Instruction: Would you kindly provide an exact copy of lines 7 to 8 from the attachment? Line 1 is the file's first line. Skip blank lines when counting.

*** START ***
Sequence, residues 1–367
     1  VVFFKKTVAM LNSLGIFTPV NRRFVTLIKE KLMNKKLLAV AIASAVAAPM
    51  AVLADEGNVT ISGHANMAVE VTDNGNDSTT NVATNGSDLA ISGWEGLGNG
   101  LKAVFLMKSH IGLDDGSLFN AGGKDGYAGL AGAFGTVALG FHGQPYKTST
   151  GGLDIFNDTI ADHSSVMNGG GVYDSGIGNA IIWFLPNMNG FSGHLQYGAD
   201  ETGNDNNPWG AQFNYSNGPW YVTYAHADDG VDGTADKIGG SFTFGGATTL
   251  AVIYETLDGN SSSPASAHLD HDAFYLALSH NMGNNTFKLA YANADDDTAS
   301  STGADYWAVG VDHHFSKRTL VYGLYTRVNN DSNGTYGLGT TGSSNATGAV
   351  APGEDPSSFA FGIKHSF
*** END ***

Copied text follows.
   251  AVIYETLDGN SSSPASAHLD HDAFYLALSH NMGNNTFKLA YANADDDTAS
   301  STGADYWAVG VDHHFSKRTL VYGLYTRVNN DSNGTYGLGT TGSSNATGAV